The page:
IFAF World Championships: Australia Faces Korea in Opener

After waiting and anticipating for what has seemed like a small lifetime, the 2015 IFAF Championships are finally here.

Australia started their official preparations for the World Championships in February with a national selection camp, and since the roster was announced, the players and coaches have been occupying their time before they made the long trip to the United States. When that time finally came, an 8-day training camp at Ashland University was next on the agenda.

Australia - Team Australia practice1

So after almost 5 months of concentration and build-up, you’d expect nothing less than to be prepared. And Australia are, just not in a conventional sense.

If you talk to the local Ohio football players, reporters and spectators, they’ll give you the same reaction when you tell them how very little film and knowledge that Australia has of upcoming opponent Korea: bewilderment. You’d be told that’s a recipe for disaster.

Whilst all previous research, regardless of the quantity, should be taken with a grain of salt knowing that coaches love to keep things interesting and surprisingly new come game-day, Australia has barely a fraction of what they’d like to prepare with. Korea has kept everything under wraps superbly well.

The official IFAF World Championship website only recently updated its section on Korea, and even then, they were forced to make form-guide references to a singular tournament warm-up game in which they stunningly lost to local side Seoul Kisan Golden Eagles 28-20.

What is there to take from that form however? Did Korea play their full-strength squad in that match? How good are the Golden Eagles? Was this a disposable game in which the coaches trialled new schemes and plays?
And so the mystery continues. Undoubtedly, the Koreans will have the same amount of game film to work with, as the Australians haven’t played an official game in a while.

Australia - Aus. v Korea 2007

Australia v. Korea 2007

These two teams have met before however. In 2007, Australia hosted the Koreans for a World Championship qualifier and lost 13-22. The home side hasn’t forgotten about it.

Although head coach John Leijten wasn’t part of the Outback team then, he often channels the burning sense of desperate retribution that comes from the four members who were in order to give his squad extra motivation.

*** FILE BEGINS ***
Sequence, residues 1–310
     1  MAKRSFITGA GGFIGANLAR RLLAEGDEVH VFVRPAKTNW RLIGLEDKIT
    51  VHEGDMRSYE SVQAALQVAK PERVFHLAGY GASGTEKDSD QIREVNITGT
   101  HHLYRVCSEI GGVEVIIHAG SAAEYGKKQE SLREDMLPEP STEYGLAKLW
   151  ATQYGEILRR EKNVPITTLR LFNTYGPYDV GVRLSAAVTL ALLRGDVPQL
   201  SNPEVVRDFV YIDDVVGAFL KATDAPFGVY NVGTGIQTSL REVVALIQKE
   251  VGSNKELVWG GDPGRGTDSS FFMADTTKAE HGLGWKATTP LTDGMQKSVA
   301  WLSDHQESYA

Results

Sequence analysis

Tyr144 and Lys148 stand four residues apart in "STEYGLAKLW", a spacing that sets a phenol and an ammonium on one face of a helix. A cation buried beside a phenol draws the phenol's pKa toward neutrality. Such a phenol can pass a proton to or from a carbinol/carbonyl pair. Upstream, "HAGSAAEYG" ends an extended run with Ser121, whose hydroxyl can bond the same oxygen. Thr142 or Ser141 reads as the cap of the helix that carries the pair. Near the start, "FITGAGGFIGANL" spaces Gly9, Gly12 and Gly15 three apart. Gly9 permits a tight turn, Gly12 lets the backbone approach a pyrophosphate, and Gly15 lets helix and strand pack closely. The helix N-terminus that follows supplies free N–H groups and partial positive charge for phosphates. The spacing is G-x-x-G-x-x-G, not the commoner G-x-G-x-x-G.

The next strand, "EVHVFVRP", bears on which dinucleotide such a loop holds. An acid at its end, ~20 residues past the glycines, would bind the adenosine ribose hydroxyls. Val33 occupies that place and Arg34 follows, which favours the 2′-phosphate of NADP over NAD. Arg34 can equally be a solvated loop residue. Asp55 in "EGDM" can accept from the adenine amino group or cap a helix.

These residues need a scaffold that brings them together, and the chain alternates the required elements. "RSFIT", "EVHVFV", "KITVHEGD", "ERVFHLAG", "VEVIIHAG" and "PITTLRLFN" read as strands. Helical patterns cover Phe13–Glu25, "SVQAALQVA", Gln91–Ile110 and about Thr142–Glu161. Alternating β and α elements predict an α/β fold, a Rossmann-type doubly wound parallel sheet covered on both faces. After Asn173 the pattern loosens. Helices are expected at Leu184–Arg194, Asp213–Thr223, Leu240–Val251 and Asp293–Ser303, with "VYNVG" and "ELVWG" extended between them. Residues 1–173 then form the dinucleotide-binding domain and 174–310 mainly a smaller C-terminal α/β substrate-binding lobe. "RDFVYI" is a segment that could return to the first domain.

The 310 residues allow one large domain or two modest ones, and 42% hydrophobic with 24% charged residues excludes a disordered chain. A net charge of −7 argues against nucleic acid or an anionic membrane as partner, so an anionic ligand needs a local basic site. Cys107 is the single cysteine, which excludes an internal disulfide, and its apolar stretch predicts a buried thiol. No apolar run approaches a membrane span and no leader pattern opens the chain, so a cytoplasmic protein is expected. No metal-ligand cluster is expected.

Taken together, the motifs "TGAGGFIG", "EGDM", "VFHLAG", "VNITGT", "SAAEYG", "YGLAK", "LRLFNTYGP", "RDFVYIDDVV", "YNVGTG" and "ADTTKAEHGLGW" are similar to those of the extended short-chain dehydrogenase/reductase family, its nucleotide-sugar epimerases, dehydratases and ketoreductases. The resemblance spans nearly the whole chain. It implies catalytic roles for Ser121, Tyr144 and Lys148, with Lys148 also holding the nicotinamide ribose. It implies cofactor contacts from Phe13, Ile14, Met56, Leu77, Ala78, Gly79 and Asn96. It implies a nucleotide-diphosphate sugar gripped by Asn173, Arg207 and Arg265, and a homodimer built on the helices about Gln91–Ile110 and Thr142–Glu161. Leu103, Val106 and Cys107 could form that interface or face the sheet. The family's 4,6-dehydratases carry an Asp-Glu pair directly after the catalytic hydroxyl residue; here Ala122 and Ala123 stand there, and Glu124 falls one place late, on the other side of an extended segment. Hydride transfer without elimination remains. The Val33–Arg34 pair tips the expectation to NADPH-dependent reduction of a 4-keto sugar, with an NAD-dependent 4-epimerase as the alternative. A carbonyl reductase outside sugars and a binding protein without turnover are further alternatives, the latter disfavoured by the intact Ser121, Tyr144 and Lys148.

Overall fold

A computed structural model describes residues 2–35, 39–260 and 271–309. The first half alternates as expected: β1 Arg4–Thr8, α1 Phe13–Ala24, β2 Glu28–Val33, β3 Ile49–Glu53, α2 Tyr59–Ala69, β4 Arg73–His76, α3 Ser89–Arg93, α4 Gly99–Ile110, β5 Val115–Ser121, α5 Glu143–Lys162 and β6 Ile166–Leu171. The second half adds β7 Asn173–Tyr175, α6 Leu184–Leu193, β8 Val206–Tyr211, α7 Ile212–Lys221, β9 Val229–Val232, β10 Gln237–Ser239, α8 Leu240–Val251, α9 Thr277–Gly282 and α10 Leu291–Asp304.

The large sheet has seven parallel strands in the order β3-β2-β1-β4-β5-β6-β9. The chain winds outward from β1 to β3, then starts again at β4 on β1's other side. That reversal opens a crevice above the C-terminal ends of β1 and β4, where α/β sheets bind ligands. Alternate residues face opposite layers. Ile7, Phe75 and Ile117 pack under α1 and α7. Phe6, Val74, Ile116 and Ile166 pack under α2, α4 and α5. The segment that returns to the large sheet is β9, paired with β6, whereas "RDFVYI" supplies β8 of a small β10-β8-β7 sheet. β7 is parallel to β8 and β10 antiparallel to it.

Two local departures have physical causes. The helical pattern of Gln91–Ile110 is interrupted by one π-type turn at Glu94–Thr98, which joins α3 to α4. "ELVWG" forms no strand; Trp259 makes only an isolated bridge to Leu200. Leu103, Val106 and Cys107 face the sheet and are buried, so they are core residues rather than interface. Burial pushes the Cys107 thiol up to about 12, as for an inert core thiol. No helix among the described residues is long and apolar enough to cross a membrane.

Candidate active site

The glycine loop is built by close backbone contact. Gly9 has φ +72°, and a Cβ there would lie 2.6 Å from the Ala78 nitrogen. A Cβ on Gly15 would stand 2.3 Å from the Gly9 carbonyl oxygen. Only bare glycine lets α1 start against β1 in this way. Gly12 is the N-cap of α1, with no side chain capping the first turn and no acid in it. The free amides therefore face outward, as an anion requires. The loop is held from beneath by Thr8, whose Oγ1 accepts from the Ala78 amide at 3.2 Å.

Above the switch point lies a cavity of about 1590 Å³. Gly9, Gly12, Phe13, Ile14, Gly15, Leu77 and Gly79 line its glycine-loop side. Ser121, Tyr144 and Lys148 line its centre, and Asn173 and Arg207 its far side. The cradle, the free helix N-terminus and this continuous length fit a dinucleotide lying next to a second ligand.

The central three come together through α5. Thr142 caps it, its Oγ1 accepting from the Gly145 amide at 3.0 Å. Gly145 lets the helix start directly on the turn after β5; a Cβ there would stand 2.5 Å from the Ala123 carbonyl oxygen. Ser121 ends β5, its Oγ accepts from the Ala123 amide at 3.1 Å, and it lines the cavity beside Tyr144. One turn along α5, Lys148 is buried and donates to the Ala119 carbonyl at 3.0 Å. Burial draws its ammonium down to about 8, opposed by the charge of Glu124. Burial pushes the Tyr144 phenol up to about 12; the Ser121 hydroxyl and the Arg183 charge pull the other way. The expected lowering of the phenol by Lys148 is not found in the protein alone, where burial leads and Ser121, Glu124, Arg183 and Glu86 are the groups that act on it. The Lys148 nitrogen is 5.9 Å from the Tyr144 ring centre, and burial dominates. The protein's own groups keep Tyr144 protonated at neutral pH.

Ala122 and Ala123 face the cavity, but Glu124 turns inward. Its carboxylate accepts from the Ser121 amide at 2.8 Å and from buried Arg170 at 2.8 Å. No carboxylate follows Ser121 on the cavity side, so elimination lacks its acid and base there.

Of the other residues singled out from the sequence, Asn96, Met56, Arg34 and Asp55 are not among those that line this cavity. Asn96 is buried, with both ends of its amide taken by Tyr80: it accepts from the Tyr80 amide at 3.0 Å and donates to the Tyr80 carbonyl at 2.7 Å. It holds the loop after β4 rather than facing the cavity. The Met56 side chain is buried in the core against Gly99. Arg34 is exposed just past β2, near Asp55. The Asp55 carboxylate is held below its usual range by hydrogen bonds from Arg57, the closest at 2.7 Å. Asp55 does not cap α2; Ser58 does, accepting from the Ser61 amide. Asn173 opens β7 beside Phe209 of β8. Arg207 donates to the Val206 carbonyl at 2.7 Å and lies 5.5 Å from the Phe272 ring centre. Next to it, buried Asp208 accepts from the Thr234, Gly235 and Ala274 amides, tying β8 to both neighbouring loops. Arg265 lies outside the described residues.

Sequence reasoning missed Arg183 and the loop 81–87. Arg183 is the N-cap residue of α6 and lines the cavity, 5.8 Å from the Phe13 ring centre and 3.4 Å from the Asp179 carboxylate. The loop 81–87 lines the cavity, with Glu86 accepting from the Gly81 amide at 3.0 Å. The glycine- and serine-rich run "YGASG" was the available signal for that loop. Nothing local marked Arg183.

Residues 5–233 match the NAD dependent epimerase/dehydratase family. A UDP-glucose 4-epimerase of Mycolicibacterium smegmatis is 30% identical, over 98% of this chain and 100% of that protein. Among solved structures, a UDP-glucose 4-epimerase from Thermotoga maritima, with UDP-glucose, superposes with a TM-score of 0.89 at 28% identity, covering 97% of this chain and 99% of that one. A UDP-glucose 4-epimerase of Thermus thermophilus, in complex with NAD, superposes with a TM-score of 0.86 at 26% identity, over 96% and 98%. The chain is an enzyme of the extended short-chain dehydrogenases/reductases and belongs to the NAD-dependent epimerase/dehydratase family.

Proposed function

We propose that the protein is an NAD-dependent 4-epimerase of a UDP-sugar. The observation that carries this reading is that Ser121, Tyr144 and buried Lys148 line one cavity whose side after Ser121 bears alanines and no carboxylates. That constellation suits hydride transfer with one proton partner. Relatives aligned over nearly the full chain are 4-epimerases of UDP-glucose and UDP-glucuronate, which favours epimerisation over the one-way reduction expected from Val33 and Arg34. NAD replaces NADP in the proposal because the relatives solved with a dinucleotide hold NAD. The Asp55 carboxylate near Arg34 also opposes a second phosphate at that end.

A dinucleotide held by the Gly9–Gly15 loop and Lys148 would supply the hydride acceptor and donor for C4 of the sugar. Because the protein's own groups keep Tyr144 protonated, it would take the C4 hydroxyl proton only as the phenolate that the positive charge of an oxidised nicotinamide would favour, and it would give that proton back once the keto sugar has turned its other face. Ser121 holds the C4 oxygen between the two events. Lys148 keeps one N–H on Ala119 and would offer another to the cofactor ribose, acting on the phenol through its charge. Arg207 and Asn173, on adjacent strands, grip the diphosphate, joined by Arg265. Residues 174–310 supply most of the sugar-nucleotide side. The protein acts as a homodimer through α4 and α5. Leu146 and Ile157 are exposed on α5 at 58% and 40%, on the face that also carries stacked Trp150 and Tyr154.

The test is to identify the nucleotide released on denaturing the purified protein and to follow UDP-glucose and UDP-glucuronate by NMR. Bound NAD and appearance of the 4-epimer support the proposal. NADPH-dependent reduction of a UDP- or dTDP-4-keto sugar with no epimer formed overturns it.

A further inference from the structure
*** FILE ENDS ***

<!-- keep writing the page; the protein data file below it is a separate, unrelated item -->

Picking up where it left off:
The question then becomes this: how do you prepare for an opponent you know nothing about?

All week long, the coaching staff has been working tirelessly to make sure that their players are well-drilled and technically sound in order to be ready for anything. The players who are able to adjust best on game-day will get the advantage in a match where every one could be important.

For example, these teams can be loosely matched. In previous World Championships, they’ve both struggled against the stronger sides and both have one win each (both low-scoring games). They’ve also barely had the pressure of being strong chances to win games on an international level.

Australia - Team Australia practice10

With all of this in mind, the second half of Thursday’s game is when we’ll see the better team; when the coaches get their first opportunity to properly counteract what they see early on, it’ll then all become clear.

Until that point in time, all there is to do is speculate. It’s fair to say that you could give favouritism to either side, and there’s hardly a better stage then the opening game time slot of the World Championships for such a potentially intriguing arm-wrestle.

Photos (except from 2007): Elissa Manera

Chris is an Australian gridiron journalist who has just started covering the sport at local, state and international levels within his home country. He's passionate about the growth of the sport in Australia as well as around the world.